Container ship charter rates are still climbing through the summer as ocean carriers compete for increasingly scarce tonnage to keep pace with surging cargo volume on key routes from Asia to North America and Europe.
Charter rates for ships that can carry 3,500 20-foot containers have more than tripled since the beginning of the year and are set to climb further as unexpectedly strong cargo demand is outstripping the supply of ships for hire and newly built vessels entering the market.
A 3,500 TEU gearless Panamax vessel is earning $17,500 a day compared with $14,000 in May, just $5,500 in January and an average $6,575 through 2009, according to London broker Clarkson.
Daily rates for gearless 2,750 TEU ships have soared 90 percent in the past three months hitting $13,250 compared to $8,000 in May.
A standard 4,250 TEU ship is commanding $24,130 a day on a two year time charter against $19,138 two months ago and $14,204 at the beginning of April, according to the Hamburg Shipbrokers Association.
A TEU (“twenty foot equivalent unit”) is a standard container size that can be loaded and sealed onto ships, railroad cars, trucks, and planes. The dimensions of a TEU are 20 ft (length) × 8 ft (width) × 9 ft (height). The maximum gross mass for a dry cargo TEU is 52,910 lb: 47,770 lb (net load) + 5,140 lb (empty container weight).
The broadly based rally has driven up the Association's ConTex index, which covers six ship sizes from 1,100 TEUs to 4,250 TEUs, to 583 from 532 at the end of June and 275 at the beginning of March.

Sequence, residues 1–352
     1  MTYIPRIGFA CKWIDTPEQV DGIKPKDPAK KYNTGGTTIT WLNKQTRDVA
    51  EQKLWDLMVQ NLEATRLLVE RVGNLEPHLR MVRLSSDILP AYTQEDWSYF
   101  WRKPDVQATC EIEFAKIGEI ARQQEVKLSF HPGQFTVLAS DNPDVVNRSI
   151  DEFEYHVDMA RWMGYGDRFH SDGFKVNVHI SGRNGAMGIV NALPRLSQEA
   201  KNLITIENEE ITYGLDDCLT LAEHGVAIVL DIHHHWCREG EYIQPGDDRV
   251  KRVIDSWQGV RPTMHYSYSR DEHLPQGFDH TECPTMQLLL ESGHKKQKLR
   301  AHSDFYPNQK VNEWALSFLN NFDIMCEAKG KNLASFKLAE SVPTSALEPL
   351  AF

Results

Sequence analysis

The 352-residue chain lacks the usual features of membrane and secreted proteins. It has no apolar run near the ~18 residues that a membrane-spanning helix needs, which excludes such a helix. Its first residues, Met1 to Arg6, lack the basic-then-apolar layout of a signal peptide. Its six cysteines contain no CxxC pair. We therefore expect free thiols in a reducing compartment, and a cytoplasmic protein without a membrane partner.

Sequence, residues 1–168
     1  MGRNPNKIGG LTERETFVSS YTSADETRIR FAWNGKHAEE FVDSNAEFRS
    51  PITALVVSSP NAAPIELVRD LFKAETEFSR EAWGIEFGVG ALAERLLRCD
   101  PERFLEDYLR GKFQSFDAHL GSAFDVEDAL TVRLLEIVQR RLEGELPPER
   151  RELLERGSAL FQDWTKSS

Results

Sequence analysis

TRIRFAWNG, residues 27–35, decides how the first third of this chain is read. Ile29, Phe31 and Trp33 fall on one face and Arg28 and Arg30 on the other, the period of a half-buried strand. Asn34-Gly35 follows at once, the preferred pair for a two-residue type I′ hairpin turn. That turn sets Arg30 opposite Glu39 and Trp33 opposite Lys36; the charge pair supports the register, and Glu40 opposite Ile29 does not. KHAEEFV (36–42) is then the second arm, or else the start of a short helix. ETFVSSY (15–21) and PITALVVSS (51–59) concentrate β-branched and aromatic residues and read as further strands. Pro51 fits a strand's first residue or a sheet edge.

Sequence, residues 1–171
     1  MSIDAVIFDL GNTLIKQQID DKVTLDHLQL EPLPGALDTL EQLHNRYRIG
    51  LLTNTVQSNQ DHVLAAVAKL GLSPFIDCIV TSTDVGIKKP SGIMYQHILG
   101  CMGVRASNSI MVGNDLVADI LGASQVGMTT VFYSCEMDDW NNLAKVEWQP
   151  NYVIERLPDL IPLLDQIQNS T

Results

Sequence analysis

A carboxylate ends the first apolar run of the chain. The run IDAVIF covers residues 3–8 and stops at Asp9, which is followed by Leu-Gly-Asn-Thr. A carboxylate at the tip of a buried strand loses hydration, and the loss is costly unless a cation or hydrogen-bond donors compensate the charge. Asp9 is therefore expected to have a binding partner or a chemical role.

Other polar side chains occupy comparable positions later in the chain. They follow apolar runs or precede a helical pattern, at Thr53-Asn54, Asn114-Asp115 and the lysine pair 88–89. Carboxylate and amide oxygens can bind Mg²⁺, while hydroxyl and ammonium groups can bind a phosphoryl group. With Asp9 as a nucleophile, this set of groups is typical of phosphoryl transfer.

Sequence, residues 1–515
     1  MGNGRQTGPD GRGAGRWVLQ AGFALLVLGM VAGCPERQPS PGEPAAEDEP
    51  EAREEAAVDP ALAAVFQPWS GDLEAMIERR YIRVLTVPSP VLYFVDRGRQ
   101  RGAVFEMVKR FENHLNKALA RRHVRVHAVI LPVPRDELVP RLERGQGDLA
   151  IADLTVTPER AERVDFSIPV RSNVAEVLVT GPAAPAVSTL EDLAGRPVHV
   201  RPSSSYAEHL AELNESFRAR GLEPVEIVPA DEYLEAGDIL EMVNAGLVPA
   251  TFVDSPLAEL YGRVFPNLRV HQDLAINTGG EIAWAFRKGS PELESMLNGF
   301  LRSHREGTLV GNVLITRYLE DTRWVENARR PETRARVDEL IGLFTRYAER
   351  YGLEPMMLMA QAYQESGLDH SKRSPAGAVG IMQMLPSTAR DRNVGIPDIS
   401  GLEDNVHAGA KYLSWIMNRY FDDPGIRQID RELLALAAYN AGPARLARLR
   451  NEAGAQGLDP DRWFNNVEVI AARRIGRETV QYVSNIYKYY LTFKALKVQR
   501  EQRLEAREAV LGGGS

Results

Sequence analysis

Ocean carriers' pursuit of chartered tonnage is driven by robust cargo growth on the export trades out of Asia to Europe and North America where most ships are sailing fully loaded with boxes.
Cargo volume on the Far East-U.S. trades grew 25.7 percent during the first three months of the new trans-Pacific contract season from May to July based on preliminary customs figures, according to Alphaliner, the Paris-based consultancy.
Weekly capacity deployed on Far East-U.S. trades is already back to 2008 levels and is 12 percent above 2009 levels, according to Alphaliner.
Carriers which withdrew capacity "in droves" last year are adding tonnage to the trade and three new lines have entered or are about to enter the market -- the first major newcomers since 2005.
Container lines can absorb higher charter rates as spot freight rates from China to the U.S. West Coast have doubled to $2,765 per 40-foot container from $1,360 in December.
Container ship prices also are surging as carriers and charter ship-owners place orders for new ships and step up purchases of second hand tonnage
Source: Journal of Commerce
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